Perogi, Pyrogy, Pierogi, Perogy
It doesn’t matter how you spell it they all taste the same. Yummy! This was the first time that we had completed the entire perogy making process ourselves (without the assistance of mama Knight) and we have to say they turned out really well. We had seen every step done more than once (many more times for Tara by both her mom and her baba – we are both Ukrainian) and we had pitched in many times but never without supervision. We managed to do it all in five and a half hours (split into two days) and did not want to kill each other. So below is a step by step guide to making your own perogies (in two parts – day one and day two). If we can do this so can you.
You can make the dough a week or two ahead of time. It is actually better if you do and put it in the freezer. It makes the dough combine better together and it is easier to work with. This was the part that we are most afraid of because usually mom comes to visit with the dough already pre-made, frozen and in her suitcase to thaw on the trip in from Winnipeg.
6 cups flour
½ lb. butter
3 tbsp sour cream combined with one and a ½ cups of water
Break eggs into water mixture and whisk. In a separate bowl cut butter into flour. Add all of the liquid and mix with a large serving fork. Form into a ball with your hands and work the rest of the flour in that is at the bottom of the bowl. Put on a floured counter and knead until smooth but not too much. Wrap in saran wrap tightly and put into a plastic bag in the freezer. The recipe is for about 8 or 9 dozen medium sized perogies. This time we made 102.
**Take the dough out of the freezer to thaw in the fridge 48 hours ahead. It takes a long time.
The Night Before
Mom K. has always made the filling the night before. That way you can clean up the mess before making an even bigger one and you don’t need a full 5 or 6 hours at once. For filling we make potato with cheddar and sauerkraut. The potato and cheddar filling has a small amount of bacon and onion in it for flavor and the sauerkraut has a bit of mashed potato in it to make it sticky and easier to work with. We top both kinds with a mixture of fried bacon and onion to serve.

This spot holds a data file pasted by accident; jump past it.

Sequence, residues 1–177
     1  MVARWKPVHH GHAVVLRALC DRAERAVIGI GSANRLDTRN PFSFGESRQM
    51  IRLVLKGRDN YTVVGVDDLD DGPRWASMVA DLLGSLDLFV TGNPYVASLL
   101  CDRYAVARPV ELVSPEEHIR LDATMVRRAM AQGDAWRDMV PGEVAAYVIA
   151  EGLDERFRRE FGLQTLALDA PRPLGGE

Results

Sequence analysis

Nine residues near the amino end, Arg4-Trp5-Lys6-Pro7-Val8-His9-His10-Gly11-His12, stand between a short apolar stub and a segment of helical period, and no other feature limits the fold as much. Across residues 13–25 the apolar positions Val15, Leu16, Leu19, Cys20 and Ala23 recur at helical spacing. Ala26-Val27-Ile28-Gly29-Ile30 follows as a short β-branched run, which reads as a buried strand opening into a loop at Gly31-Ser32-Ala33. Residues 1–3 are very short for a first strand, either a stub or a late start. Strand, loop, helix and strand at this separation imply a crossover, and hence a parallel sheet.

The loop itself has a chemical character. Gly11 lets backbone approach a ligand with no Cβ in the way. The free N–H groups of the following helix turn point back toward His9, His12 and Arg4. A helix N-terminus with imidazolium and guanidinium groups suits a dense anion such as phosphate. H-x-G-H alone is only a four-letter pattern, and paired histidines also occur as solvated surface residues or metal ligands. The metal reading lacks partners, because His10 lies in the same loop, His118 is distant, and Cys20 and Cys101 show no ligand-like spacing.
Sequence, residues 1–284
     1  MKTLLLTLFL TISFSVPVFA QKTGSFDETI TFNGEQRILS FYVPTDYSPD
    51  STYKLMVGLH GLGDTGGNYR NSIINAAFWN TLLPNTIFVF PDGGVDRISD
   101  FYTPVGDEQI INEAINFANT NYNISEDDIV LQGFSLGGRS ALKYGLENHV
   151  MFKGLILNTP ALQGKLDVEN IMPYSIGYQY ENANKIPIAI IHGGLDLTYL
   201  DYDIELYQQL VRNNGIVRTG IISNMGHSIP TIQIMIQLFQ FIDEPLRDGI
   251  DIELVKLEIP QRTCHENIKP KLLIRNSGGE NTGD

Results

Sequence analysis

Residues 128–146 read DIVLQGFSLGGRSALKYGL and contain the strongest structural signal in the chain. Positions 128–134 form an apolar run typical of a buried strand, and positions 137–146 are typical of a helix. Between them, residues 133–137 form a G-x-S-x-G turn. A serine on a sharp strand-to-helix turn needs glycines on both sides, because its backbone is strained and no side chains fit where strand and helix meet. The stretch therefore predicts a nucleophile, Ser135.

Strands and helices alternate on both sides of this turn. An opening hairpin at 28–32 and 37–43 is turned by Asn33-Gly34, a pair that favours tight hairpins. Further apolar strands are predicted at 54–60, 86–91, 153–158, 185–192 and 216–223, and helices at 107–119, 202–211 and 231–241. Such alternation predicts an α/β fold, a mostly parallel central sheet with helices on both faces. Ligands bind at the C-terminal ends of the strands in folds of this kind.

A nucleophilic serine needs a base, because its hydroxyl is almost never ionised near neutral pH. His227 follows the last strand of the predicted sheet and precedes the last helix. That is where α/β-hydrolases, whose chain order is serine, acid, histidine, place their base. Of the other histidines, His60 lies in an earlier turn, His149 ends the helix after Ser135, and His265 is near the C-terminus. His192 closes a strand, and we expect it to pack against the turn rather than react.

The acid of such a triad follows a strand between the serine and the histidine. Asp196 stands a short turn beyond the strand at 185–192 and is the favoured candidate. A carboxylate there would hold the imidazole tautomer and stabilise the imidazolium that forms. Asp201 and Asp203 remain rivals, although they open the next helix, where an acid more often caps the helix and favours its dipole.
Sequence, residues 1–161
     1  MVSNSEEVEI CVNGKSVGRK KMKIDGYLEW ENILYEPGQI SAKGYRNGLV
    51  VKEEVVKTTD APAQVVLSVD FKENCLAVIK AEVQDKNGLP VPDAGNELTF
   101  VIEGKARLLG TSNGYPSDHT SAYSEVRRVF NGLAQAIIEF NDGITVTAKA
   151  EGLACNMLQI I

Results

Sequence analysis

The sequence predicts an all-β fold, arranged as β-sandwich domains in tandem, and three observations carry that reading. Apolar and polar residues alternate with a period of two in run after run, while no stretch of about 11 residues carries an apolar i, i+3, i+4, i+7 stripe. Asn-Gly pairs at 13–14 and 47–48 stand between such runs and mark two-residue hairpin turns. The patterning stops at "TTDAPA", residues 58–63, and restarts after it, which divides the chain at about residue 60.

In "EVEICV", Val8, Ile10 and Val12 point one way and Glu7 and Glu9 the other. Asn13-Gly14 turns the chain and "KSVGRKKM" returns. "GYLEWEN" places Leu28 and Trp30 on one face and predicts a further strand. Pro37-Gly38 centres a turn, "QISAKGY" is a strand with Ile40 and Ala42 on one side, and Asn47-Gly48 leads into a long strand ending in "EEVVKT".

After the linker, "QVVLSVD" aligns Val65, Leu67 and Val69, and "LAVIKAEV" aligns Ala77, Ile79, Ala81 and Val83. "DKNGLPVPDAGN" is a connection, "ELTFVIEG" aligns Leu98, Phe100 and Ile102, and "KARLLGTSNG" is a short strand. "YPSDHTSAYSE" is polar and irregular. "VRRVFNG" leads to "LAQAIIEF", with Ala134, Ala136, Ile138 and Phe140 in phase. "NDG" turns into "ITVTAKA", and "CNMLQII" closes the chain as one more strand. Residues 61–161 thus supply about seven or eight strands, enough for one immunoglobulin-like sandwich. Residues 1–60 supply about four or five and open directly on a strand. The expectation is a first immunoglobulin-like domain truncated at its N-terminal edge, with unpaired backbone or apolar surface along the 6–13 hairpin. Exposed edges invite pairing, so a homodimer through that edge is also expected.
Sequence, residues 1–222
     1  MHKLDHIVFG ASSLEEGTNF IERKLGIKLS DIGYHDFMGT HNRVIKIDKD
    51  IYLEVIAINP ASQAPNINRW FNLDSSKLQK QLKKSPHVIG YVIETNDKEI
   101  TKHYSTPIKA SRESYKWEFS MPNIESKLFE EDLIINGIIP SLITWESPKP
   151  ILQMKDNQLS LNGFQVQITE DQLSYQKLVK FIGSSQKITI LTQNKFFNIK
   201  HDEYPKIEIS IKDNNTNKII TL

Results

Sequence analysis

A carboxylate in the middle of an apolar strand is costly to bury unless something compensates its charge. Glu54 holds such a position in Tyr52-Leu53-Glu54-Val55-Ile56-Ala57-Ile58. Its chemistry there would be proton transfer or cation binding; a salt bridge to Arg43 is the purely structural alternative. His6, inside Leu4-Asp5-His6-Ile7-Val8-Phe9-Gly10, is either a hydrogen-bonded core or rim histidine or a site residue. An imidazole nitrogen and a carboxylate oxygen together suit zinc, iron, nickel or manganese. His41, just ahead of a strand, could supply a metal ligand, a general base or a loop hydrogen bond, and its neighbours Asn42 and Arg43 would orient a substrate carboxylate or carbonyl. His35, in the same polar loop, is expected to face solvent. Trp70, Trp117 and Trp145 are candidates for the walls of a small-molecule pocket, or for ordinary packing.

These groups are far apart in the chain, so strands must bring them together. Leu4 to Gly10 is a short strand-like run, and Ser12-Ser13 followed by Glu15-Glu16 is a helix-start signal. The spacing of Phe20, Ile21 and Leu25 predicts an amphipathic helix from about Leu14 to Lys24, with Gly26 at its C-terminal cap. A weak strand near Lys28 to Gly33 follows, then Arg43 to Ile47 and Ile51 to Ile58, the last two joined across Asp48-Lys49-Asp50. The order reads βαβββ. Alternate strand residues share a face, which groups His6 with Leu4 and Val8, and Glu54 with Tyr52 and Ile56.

Topping – one pound bacon, one medium onion. Chop bacon and onion into very small squares and fry until golden but not crispy. It is best to fry bacon about half way and then add the onion. Scoop out two table spoons of the bacon mixture with as little grease as possible then pour the rest (with the bacon grease) into a container and refrigerate.
Potato Filling – Peel and boil a five pound bag of potatoes (mom says red potatoes are best). Mash the potatoes with ¾ of a large (900 g) brick of old cheddar cheese. The key here is the ‘old’ if you want the cheddar flavor to stand out in the potato. Once mashed mix in the two tablespoons of bacon and onion and add some salt and pepper. Let the pot stand on the stove over night. This will make enough to fill the whole batch of perogies. Make sure before you start that you do in fact have a masher. We forgot that ours broke last time we made perogies with mom here so had to knock on three of our neighbors doors to get one (Thanks #1203).
If you are using sauerkraut for some of the filling fry a small can and reserve two tablespoons of mashed potatoes before adding the cheese and bacon. Mix two scoops of potato with the sauerkraut so that it sticks together. Let stand on the stove overnight as well.
I am not a big fan of leaving food to stand on the stove overnight but this is how my mom does it, and my baba did it before her so what the hell. Have a drink and relax before the real work starts in the next morning.